An article published in the Lancet points out that factors that typically co-exist with poverty, such as food insecurity, disparities in access to care, and related mental health challenges, make the adoption of behavioural lifestyle changes, a cornerstone in clinical management of type 2 Diabetes, challenging. The authors Jonathan McGavock, Brandy Wickow and Allison B Dart recommend that clinicians and scientists should actively engage adolescents with type 2 diabetes and their family members in the design of novel approaches to care.
The CDC reports that 7 out of 10 Americans are overweight or obese and almost 4 out of 10 Americans are obese.
There is an underlying pattern of racial and ethnic disparity. Almost half of Hispanics and blacks are obese with obesity rates for 2015-2016 of 47% and 46.8% for adult Latinos and non-Hispanic blacks respectively.
Obesity is most readily defined by Body Mass Index (“BMI”) which takes a person’s weight in kilograms and divides it by their height in meters squared. For adults, those with a BMI between 18.5 and 24.9 are considered to have a normal weight. A BMI between 25 and 29.9 is considered overweight and anything above 30 is deemed obese. The NIH provides a calculator for you to determine your own BMI.
It is apparent to anyone following these statistics or even just walking down the street that current efforts to control the obesity problem have failed to reduce obesity rates.
We have learned that visceral fat or “belly” fat within the abdomen hijacks the metabolism by secreting the cytokine resistin. This cellular hormone antagonizes insulin, blocking sugar from entering cells or reaching the brain. It saps energy, shuts down the metabolism, causes brain fog, and hunger. Cellular hormones are secreted directly into the portal circulation and the body’s protein factory, the liver, is commandeered to produce bad lipids which cause strokes and heart attacks. Mesenteric fat thickness is closely correlated with carotid intimal narrowing. Belly fat doesn’t just shorten your life, it reduces its quality with sleep apnea, gastric reflux, type 2 Diabetes mellitus, heart attacks, strokes, autoimmune diseases, and cancers.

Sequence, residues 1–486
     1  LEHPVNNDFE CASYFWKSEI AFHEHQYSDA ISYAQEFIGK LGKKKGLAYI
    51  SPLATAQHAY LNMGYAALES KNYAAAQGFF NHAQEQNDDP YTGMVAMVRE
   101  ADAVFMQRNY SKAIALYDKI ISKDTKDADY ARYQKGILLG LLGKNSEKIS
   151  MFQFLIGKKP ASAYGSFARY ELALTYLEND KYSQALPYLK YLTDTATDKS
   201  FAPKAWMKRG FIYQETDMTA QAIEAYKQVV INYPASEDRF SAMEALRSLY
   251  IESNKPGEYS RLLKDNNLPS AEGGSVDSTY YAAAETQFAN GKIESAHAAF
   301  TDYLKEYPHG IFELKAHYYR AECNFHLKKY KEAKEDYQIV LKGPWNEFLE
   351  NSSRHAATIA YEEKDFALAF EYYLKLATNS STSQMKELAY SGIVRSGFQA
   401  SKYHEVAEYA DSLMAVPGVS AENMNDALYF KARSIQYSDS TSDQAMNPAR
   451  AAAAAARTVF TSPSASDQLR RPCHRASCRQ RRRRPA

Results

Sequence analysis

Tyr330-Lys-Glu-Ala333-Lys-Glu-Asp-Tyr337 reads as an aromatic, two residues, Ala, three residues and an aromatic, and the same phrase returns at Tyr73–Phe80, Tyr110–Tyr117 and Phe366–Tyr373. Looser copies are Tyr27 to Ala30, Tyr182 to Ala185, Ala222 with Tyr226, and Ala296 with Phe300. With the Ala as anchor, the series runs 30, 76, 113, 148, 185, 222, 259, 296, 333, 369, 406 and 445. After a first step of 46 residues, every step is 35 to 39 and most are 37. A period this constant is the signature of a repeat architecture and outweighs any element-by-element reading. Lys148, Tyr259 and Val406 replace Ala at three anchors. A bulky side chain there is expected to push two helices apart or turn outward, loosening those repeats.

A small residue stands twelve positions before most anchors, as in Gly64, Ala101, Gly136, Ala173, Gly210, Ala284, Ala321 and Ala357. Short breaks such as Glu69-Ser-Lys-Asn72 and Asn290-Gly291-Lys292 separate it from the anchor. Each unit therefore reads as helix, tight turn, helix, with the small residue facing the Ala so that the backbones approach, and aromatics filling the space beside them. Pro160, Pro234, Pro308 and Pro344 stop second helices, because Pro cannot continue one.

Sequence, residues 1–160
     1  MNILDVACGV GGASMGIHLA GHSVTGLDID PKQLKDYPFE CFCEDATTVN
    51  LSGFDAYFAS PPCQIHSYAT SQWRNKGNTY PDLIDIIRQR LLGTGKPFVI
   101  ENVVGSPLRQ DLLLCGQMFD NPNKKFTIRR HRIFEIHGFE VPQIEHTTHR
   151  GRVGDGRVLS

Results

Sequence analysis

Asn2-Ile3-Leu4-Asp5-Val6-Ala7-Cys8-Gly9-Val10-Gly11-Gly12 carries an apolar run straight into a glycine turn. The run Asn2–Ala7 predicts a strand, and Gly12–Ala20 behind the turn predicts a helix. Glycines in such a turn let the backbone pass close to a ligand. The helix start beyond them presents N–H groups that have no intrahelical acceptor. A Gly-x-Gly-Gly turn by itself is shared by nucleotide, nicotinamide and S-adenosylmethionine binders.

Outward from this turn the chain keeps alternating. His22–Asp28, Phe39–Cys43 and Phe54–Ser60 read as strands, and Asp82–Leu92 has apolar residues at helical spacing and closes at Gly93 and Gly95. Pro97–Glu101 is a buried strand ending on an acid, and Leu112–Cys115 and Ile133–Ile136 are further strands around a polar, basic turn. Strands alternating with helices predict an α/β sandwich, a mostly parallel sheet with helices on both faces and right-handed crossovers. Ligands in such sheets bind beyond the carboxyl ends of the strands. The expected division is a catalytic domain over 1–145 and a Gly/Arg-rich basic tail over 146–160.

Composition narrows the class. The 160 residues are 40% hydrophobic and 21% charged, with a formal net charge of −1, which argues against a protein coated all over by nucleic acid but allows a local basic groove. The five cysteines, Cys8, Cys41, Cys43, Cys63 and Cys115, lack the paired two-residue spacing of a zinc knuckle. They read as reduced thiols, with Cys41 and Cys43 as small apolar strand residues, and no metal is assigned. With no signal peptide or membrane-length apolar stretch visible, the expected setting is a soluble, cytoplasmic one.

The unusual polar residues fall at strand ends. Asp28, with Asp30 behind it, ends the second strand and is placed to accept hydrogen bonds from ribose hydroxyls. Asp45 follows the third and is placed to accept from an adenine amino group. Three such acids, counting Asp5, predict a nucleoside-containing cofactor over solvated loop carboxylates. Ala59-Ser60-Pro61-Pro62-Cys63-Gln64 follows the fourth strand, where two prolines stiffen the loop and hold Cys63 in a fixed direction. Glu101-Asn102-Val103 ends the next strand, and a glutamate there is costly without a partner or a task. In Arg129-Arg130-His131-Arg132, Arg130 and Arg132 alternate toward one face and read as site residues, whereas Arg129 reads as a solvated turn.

New technology facilitates a new approach to the problem. Rather than just starving this belly fat and letting it remain in place as do current bariatric surgical alternatives, removing it this visceral fat in a minimally invasive procedure may prove to be a simpler, more direct and permanent, safer and highly effective alternative. Endoscopic visceral lipectomy could be just be what the doctor ordered. It is clearly time to seek new approaches and fresh solutions as obesity rates continue to rise.
The New York Times reports that over the past 35 years, Obesity has increased in the U.S. and Brazil by 2.5 times. It has grown fastest in the countries throughout Latin America, Africa and Asia.
Obesity has increased in China and Mali by 7.7 and 15.5 times respectively.
The shift to Western-style processed food and sugary drinks is contributing to a new epidemic of diabetes and heart disease, chronic illnesses that are fed by soaring rates of obesity in places that struggled with hunger and malnutrition just a generation ago.
Classic advice for avoiding hyperglycemia and obesity is to eat healthy foods with vegetables, fruits, whole grains, and beans which are high in fiber. Include foods in your diet that are low in fat, such as low-fat dairy (milk, yogurt, and cheese), fish, and lean meat and limit foods that are high in calories and sugar, such as sweet desserts, potato chips, and candy. The latter comprises a signficiant portion of our exports.
Alas, a Western diet brings with it the health problems of the Western world.